JERUSALEM, July 30 (Xinhua) -- Israeli ministers are set to approve Monday an austerity plan, which includes tax hikes and budget cuts, as part of the efforts to curb Israel's burgeoning 2012 deficit.
According to Prime Minister Benjamin Netanyahu and Finance Minister Yuval Steinitz's plan, there will be a 5-percent cut in the ministries' budget (a total of 175 million U.S. dollars).
The government will also approve a 3-percent cut to the 2013 ministry spending (a 500-million-dollar reduction) and a 1-percent increase in income tax for those earning above average salaries ( more than 2,000 U.S. dollars).
These moves are a part of a series of steps government officials say will boost the state's revenues by 3.5 billion dollars next year.
Another part of the plan includes collecting nearly 1 billion dollars owed by large corporations who were exempt from paying taxes according to agreements with them.
Treasury officials also said the cuts are necessary to cover new expenses like preventing African migrants' entry from the Sinai border and enhancing the firefighting service, etc.
"This package is supposed to provide a solution for dealing with the deficit, in order to protect Israel's credit rating, investments and economy," Steinitz told Army Radio on Monday.
"We are dealing with the deficit so we won't end up like Ireland, Spain or Greece. If we don't do this now, we'll end up paying more. We need to do this to protect the Israeli economy," he added.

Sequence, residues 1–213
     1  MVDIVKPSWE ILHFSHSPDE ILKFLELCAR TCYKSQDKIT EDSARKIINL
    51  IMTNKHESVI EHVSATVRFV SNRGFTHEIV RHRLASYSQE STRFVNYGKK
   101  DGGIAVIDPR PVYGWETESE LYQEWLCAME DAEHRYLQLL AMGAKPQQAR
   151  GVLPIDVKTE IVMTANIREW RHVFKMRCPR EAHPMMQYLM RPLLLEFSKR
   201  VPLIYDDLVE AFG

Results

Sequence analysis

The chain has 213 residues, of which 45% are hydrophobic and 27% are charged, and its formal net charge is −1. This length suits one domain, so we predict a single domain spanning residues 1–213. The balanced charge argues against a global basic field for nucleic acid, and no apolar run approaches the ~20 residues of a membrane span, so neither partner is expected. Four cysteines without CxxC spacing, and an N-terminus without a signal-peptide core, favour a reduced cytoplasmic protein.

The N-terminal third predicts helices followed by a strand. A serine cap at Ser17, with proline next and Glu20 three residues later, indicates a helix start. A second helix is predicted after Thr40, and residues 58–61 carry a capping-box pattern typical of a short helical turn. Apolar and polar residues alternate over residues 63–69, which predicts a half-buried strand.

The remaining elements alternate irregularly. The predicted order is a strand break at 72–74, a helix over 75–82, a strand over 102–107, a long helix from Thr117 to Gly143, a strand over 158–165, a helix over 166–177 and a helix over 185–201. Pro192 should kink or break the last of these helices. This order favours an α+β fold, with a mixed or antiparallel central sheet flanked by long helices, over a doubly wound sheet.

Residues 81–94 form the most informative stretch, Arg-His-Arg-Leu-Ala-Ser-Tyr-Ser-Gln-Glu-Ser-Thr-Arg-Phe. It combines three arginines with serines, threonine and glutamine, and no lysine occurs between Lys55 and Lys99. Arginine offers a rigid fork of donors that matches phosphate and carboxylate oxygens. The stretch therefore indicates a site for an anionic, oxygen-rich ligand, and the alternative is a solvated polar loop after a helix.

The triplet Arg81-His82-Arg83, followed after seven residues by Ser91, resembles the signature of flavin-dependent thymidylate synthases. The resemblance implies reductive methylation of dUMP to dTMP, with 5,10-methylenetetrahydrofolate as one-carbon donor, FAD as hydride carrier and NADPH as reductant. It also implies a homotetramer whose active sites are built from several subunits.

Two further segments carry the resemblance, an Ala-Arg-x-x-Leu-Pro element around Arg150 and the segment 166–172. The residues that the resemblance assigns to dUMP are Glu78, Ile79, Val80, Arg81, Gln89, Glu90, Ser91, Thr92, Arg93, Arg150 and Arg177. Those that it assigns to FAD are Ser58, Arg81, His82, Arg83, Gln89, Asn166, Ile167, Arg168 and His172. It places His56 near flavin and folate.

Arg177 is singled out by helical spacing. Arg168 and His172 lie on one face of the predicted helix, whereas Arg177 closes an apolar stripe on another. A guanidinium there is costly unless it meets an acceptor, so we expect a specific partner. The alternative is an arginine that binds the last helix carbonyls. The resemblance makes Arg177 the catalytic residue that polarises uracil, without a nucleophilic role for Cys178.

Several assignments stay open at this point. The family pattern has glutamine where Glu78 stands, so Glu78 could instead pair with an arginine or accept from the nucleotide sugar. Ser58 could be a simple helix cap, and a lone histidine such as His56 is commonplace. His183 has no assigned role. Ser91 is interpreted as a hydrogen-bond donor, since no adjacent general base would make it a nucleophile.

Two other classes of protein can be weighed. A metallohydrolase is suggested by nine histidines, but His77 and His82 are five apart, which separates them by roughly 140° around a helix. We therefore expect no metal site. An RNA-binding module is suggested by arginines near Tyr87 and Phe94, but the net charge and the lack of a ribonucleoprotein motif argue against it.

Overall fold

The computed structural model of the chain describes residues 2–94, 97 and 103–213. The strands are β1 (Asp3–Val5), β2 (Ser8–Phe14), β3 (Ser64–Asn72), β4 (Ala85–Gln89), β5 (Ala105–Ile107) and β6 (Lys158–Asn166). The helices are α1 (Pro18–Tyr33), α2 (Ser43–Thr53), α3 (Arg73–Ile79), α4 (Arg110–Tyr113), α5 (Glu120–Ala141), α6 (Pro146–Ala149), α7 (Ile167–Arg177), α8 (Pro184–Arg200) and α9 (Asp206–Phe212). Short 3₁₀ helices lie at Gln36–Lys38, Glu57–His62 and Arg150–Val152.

Netanyahu himself said Monday morning that the government will take more from those who have more, and less from those who have less, according to Army Radio.
The plan is set to be authorized by a large majority, not including ministers from the ultra-Orthodox party Shas, who oppose the plan and will either object or abstain during the vote.
"Raising taxes will harm thousands of families in Israel, who have already been hurt by the increasing cost of living," Interior Minister Eli Yishai warned Sunday night.
Last week, Steinitz signed an order increasing purchase tax on cigarettes and alcohol. He did not deny the possibility of further cuts being announced next week.
The austerity plan drew criticism from political figures, ministers, opposition members and others.
Public Security Minister Yithzak Aharonovitch warned Sunday that the expected 45-million-dollar cut in his ministry's budget will lead to more "violence and crimes."
Union leaders in the health industry called the Health Ministry 's budget cut "disastrous."
Labor party chairwoman Shelly Yechimovich released data showing that 67 percent of the planned tax increases are regressive, thus affecting poor people rather than the rich.
However, Bank of Israel Governor Stanley Fischer reiterated his support of the plan, saying on Saturday that the move is " necessary" in order to deal with the twin threats of euro's collapse and the spiraling budget deficit.
"Given the situation, the measures are brave and essential for improving our budgetary situation in 2013. This will enable us to manage the economy and support group," Fischer said.